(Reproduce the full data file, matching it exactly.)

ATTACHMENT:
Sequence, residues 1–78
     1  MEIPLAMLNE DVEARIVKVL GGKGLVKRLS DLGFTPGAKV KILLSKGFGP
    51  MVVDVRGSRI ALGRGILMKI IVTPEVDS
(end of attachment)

Sequence, residues 1–78
     1  MEIPLAMLNE DVEARIVKVL GGKGLVKRLS DLGFTPGAKV KILLSKGFGP
    51  MVVDVRGSRI ALGRGILMKI IVTPEVDS